Andy Potts Andy Potts
Dmitry Nesterov Dmitry Nesterov
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Czech coach Milos Riha, one of the most popular and charismatic figures in the KHL’s history, sadly passed in hospital in Prague on Tuesday morning. He was 61 years old.

As a player, he was a hard-working center who won a Czechoslovak championship with Vitkovice in 1981 and was drafted by the Minnesota North Stars two years later. But his career was hampered by injuries sustained in a road accident and it was as a coach that he made his greatest impact.

He started in his homeland, named Czech coach of the year in his first full season behind the bench with Pardubice. Twice he reached the playoff final in the Czech Republic, across the border in Slovakia he won two championship with Slovan.

In the KHL, he was strongly associated with Spartak Moscow. Riha took charge of the team for its first two seasons in the competition, having previously experienced the Russian Superleague with Khimik Mytishchi. From the very start, Riha’s love of the game was infectious, his teams competitive and committed while the coach was a whirl of emotion behind the bench.

The Red-and-Whites issued the following statement in tribute to Riha after the news of his death was announced.

“[He was] lively, committed, impulsive and charismatic in his work and also in his appetite for life,” the statement said. “He was deeply loved by thousands of Spartak fans and Pan Milos always returned that affection. Today’s news is sad and painful for us.”

After leaving Spartak, Riha returned to Mytishchi and led the renamed Atlant to the 2011 Gagarin Cup Final. His team, with Sergei Mozyakin leading the way, came up short against Salavat Yulaev in the final, one of many tussles with fellow coach Vyacheslav Bykov.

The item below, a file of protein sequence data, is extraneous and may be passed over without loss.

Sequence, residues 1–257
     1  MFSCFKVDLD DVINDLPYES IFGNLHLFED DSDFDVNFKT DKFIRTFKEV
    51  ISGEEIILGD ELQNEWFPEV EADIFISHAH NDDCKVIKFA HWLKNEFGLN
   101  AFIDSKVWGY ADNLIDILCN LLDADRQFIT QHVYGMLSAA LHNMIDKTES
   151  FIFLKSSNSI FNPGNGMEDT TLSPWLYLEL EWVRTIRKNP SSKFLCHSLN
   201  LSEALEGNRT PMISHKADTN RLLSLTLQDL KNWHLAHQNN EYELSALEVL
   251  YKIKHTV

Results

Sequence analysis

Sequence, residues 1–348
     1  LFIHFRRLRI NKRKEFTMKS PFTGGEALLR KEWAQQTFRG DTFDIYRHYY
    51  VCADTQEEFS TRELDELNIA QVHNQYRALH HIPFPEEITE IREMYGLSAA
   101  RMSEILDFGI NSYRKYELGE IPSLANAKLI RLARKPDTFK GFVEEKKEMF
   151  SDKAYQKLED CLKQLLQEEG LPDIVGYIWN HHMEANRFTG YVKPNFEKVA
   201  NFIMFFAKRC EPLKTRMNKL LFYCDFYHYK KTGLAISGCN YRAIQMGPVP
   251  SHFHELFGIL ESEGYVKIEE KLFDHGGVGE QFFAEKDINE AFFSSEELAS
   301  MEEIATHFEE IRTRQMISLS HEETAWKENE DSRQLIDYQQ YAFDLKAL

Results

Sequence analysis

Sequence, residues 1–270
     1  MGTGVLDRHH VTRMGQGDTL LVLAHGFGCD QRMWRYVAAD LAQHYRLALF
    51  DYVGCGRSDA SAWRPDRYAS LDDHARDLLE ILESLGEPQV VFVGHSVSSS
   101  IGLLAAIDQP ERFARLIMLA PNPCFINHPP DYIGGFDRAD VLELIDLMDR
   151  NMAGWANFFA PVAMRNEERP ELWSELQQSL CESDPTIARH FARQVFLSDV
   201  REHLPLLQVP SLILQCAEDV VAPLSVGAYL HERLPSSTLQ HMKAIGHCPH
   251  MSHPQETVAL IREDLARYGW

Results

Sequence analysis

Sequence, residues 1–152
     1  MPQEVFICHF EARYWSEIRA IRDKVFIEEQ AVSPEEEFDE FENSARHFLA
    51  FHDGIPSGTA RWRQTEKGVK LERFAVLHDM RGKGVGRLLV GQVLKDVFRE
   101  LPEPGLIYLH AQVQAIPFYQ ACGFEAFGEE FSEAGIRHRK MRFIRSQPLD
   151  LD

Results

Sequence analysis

“Of course, I remember that final very well,” Bykov told Championat. com. “And, in general, we often talked after our games. He was an open, intelligent and interesting person. Not every coach can find his place in a foreign country, learn the language and respect a new environment. Milos showed that all this can be done, he proved it with his professionalism.

“Milos was always an extraordinary individual. He was impulsive and totally committed to his work, to which he dedicated his whole life. He had the spirit of a conqueror, a man who never gave up in the face of difficulty.”

After Atlant, Riha moved on to SKA and also had a short spell with Avangard. He last engagement in the KHL was back at Slovan, where he remained as head coach until the club left the league in 2018.

Subsequently, Riha took charge of the Czech national team and came close to ending a medal drought that dates back to 2012. In the 2019 World Championship in Slovakia, the Czechs got to the gold medal game and pushed Russia all the way to a shoot-out before losing out.

Tomas Repik was part of that team, and also played under Riha in the KHL at Slovan. “I have so many memories,” he told hokej. cz. “Milos Riha was one of a kind and he truly loved hockey. He devoted his whole life to the game, as a player then as a coach. If he didn’t truly love the sport, he would never have been at the top for so long.”

The KHL extends its deepest sympathies to the friends and family of Milos Riha. In honor of the coach, there will be a moment’s silence before Thursday’s game between Lokomotiv and Spartak, and also at Spartak’s first home game of the season against Salavat Yulaev on Sep. 9.

Andy Potts Andy Potts
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